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Salt Creek Beach Park ratings
Quality on a good day: 3.4
Consistency of Surf: 3.4
Difficulty Level: 2.4
Wind and Kite Surfing: 1.2
Crowds: 2.0

Overall: 2.9

See all 18 ratings

Based on 5 votes. Vote


Surf Report Feed

Salt Creek Beach Park Swell Statistics, October: All Swell – Any Wind

This image shows the variation of swells directed at Salt Creek Beach Park through an average October and is based upon 2480 NWW3 model predictions since 2006 (values every 3 hours). The wave model does not forecast surf and wind right at the shore so we have chosen the best grid node based on what we know about Salt Creek Beach Park, and at Salt Creek Beach Park the best grid node is 25 km away (16 miles).

The rose diagram illustrates the distribution of swell directions and swell sizes, while the graph at the bottom shows the same thing but without direction information. Five colours show increasing wave sizes. The smallest swells, less than 0.5m (1.5 feet), high are coloured blue. These were forecast only 13% of the time. Green and yellow show increasing swell sizes and red represents biggest swells greater than >3m (>10ft). In either graph, the area of any colour is proportional to how often that size swell was forecast.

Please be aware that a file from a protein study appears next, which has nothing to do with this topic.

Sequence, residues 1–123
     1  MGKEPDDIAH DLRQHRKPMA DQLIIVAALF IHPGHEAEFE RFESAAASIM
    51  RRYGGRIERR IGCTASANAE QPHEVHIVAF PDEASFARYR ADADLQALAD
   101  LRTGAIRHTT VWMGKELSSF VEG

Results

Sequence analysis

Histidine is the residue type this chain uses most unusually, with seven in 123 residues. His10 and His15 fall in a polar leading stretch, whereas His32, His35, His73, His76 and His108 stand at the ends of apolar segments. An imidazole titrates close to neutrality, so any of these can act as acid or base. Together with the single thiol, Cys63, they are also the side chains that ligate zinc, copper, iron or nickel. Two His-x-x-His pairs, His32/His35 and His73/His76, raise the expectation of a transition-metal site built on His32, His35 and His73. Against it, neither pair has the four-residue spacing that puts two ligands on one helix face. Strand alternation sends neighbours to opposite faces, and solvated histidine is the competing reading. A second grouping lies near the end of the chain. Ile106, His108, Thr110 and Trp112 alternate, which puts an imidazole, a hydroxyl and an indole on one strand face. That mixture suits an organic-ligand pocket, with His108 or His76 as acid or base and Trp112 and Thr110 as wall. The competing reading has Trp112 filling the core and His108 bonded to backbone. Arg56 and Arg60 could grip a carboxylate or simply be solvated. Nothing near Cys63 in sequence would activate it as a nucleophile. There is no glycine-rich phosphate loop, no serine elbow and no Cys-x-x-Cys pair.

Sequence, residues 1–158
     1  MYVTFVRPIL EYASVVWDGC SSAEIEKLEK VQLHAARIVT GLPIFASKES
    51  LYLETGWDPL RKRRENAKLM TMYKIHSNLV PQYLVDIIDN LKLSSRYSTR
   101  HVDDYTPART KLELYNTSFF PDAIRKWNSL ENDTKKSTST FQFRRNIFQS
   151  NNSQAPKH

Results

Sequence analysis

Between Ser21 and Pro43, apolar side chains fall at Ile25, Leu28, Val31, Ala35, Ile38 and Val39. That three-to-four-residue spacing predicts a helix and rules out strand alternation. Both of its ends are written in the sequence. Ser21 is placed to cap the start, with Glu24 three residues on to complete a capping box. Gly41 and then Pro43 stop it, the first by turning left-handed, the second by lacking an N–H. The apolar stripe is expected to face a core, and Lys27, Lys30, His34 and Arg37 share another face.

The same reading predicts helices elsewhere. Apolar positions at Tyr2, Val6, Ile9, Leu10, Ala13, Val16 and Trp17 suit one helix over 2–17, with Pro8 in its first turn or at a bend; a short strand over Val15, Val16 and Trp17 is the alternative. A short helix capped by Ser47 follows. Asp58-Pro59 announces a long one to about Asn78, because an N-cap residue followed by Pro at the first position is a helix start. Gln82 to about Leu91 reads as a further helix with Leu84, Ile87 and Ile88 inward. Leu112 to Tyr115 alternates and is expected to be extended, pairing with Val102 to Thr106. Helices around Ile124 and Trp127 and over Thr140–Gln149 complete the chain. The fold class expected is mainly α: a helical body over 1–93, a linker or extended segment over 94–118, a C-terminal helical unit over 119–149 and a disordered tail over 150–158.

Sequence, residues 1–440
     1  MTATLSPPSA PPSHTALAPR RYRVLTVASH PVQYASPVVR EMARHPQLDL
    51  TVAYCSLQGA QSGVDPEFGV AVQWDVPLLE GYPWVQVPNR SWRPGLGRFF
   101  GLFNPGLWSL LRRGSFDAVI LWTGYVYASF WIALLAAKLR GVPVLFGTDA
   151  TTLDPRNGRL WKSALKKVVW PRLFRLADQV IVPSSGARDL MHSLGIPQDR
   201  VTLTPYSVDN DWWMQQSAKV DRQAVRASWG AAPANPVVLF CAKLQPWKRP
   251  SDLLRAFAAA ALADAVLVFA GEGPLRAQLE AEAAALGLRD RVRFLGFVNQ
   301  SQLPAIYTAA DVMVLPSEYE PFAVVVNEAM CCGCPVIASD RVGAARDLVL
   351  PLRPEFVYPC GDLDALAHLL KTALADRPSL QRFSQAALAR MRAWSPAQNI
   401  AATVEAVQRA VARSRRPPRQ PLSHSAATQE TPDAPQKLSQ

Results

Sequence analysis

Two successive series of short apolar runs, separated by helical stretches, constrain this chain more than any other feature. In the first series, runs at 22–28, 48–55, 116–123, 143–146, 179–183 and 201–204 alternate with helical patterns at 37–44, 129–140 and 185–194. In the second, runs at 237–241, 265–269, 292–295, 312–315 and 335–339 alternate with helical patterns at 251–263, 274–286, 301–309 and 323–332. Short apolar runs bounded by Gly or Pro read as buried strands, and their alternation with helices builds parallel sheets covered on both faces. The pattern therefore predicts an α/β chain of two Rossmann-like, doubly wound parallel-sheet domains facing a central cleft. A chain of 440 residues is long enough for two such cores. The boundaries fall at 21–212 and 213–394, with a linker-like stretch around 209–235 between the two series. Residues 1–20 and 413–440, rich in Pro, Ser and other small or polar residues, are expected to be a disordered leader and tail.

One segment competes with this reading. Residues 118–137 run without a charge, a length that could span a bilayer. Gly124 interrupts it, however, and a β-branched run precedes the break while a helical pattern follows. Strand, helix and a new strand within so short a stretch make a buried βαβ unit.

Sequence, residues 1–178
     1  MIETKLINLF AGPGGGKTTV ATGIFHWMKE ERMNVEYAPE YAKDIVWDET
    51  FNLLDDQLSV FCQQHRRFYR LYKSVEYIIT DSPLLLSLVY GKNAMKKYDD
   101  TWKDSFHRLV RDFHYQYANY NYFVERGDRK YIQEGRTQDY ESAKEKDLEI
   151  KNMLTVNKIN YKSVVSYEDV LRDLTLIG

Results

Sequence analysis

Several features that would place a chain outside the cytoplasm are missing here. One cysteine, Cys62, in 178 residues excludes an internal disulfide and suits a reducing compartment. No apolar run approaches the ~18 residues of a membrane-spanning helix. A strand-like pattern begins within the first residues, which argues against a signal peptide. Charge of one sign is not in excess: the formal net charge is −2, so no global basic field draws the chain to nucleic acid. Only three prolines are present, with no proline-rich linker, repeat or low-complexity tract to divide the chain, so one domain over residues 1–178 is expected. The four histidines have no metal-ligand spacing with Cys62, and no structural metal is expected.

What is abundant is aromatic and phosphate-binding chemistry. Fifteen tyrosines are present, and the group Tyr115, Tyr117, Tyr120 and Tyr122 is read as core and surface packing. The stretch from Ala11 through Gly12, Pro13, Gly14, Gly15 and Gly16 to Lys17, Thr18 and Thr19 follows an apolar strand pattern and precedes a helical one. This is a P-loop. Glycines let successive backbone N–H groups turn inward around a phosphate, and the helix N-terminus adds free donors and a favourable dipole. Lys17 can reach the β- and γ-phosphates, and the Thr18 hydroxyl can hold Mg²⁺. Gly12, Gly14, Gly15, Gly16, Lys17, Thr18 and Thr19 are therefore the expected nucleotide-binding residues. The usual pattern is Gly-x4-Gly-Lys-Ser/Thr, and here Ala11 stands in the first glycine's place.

The diagram indicates that the most common swell direction, shown by the largest spokes, was SSW, whereas the the prevailing wind blows from the W. Because the wave model grid is offshore, sometimes a strong offshore wind blows largest waves away from Salt Creek Beach Park and away from the coast. We combine these with the no surf category of the bar chart. To keep it simple we don't show these in the rose graph. Because wind determines whether or not waves are good for surfing at Salt Creek Beach Park, you can view an alternative image that shows only the swells that were predicted to coincide with glassy or offshore wind conditions. In a typical October, swells large enough to cause clean enough to surf waves at Salt Creek Beach Park run for about 87% of the time.

IMPORTANT: Beta version feature! Swell heights are open water values from NWW3. There is no attempt to model near-shore effects. Coastal wave heights will generally be less, especially if the break does not have unobstructed exposure to the open ocean.